Image source, Getty Images
By Ben King
Business reporter, BBC News
The influential Moody’s credit rating agency has dropped its negative outlook on the UK, saying that “policy predictability has been restored” following last year’s mini-Budget.
It follows S&P, which dropped its negative outlook in April.
Moody’s also noted the UK’s “more conciliatory” approach to EU trade.
Credit ratings agencies assess how likely a country is to repay its debts, based on the strength of the economy and the effectiveness of government.
Moody’s said that Chancellor Jeremy Hunt’s decision to reverse most of his predecessor’s tax cuts helped to inform its decision.
It said increased friction due to Brexit had slowed the UK’s bid to reduce inflation, which it sees returning to its 2% target in 2026.
It said greater co-operation with the EU may reduce Brexit-related uncertainty and boost the UK’s economic growth.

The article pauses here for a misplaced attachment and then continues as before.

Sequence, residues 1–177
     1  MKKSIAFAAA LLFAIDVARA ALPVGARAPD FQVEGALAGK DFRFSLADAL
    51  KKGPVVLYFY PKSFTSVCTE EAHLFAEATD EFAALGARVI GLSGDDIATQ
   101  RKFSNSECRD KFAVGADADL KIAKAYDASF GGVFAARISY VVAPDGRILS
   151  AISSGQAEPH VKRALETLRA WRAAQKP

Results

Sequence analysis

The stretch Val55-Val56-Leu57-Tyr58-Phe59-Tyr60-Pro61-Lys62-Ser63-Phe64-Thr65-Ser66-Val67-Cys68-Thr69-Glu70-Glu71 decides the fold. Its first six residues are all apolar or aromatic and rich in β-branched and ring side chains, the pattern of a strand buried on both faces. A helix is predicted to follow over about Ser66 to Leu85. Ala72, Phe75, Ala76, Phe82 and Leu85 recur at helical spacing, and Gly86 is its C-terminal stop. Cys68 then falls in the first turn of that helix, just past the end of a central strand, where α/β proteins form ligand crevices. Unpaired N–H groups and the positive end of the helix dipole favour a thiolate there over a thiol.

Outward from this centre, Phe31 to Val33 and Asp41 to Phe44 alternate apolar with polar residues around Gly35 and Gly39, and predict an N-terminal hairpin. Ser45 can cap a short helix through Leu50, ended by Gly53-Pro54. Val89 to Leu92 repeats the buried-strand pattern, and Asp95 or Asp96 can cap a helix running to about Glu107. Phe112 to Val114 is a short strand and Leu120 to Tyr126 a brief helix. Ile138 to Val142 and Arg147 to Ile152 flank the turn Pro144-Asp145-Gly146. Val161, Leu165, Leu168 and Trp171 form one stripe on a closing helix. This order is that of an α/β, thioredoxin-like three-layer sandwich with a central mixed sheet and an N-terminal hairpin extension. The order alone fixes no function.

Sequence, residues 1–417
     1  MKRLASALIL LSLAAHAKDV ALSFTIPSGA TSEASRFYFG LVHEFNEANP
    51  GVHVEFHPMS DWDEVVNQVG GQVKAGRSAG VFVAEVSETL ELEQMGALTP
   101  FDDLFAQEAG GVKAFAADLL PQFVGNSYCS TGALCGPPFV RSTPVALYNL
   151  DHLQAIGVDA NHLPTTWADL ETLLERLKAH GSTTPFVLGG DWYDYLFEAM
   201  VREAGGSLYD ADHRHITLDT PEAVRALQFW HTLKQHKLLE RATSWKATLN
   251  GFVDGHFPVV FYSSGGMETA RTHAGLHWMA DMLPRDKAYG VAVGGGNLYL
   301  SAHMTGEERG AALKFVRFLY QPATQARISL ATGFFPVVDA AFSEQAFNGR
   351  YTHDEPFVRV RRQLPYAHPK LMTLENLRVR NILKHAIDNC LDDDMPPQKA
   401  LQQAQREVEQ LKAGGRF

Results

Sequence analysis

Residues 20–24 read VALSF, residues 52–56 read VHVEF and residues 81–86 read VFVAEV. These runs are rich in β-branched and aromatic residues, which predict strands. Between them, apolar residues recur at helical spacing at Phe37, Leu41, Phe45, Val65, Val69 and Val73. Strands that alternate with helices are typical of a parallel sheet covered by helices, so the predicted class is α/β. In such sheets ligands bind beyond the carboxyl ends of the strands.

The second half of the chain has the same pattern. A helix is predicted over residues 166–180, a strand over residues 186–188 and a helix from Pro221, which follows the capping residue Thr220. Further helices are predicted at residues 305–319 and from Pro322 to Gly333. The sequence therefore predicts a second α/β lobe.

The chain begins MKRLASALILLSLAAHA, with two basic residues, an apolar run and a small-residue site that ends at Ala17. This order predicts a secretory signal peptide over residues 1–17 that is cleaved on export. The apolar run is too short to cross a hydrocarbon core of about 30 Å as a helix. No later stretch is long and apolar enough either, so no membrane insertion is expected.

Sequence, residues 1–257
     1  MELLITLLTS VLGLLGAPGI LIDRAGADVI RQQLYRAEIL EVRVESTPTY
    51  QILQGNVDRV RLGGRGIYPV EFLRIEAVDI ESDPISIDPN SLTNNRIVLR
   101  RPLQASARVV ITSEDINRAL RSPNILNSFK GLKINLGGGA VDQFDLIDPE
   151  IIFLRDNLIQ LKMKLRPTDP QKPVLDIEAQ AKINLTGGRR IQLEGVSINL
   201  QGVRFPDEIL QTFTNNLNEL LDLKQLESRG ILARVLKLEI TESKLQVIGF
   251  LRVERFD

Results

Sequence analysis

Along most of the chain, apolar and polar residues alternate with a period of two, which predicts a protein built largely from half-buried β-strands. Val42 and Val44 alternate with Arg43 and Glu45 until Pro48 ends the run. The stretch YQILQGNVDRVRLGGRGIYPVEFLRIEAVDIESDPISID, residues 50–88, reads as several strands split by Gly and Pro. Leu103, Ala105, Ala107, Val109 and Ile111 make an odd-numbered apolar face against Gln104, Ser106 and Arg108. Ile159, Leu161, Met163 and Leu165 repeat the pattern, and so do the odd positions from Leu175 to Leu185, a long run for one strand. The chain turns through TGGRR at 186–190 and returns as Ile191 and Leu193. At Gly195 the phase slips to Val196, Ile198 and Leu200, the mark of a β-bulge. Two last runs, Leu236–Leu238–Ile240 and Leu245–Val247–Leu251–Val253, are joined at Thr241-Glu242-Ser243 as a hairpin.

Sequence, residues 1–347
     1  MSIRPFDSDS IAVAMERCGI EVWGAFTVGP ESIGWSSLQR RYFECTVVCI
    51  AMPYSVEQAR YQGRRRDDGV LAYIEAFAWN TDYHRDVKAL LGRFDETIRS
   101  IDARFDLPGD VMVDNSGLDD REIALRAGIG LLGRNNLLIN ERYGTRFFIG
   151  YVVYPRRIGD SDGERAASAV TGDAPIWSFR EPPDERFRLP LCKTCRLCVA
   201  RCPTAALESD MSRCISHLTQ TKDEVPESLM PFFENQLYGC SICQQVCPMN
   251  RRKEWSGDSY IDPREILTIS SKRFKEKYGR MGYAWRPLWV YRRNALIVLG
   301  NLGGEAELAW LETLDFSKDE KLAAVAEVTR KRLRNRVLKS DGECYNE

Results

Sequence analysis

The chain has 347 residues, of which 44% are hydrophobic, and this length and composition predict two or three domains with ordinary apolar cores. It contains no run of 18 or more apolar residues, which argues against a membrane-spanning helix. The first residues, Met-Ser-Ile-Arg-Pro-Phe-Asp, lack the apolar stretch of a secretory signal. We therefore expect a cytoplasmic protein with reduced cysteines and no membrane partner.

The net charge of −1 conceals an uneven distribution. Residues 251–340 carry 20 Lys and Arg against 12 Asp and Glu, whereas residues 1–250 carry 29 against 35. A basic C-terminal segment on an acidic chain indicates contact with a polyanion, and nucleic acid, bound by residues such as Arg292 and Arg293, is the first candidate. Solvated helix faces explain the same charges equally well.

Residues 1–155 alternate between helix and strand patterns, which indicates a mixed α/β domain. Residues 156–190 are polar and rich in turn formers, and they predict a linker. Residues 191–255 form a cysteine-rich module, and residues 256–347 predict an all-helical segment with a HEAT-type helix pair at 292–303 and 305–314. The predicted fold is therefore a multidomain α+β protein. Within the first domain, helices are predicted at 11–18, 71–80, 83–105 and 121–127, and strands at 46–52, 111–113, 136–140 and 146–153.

The three main credit ratings agencies cut their assessments of the UK’s creditworthiness in the wake of the disastrous mini-Budget last September, which included £45bn of unfunded tax cuts, without forecasts from the government’s spending watchdog, the OBR.
Lower credit ratings reflect a higher risk, which usually means borrowers will have to pay higher interest rates.
Aa3 is the fourth-highest rating on Moody’s scale – which means debts are “very high quality and subject to very low credit risk”. Moody’s gave the UK the highest-possible rating of AAA from 1978 to 2013, until it was downgraded while George Osborne was chancellor.
S&P removed its negative outlook on the UK in April, and gives the country an AA rating, the third-highest level on its scale.
The third rating agency, Fitch, still has a negative outlook on the UK – it will publish its next assessment on 1 December.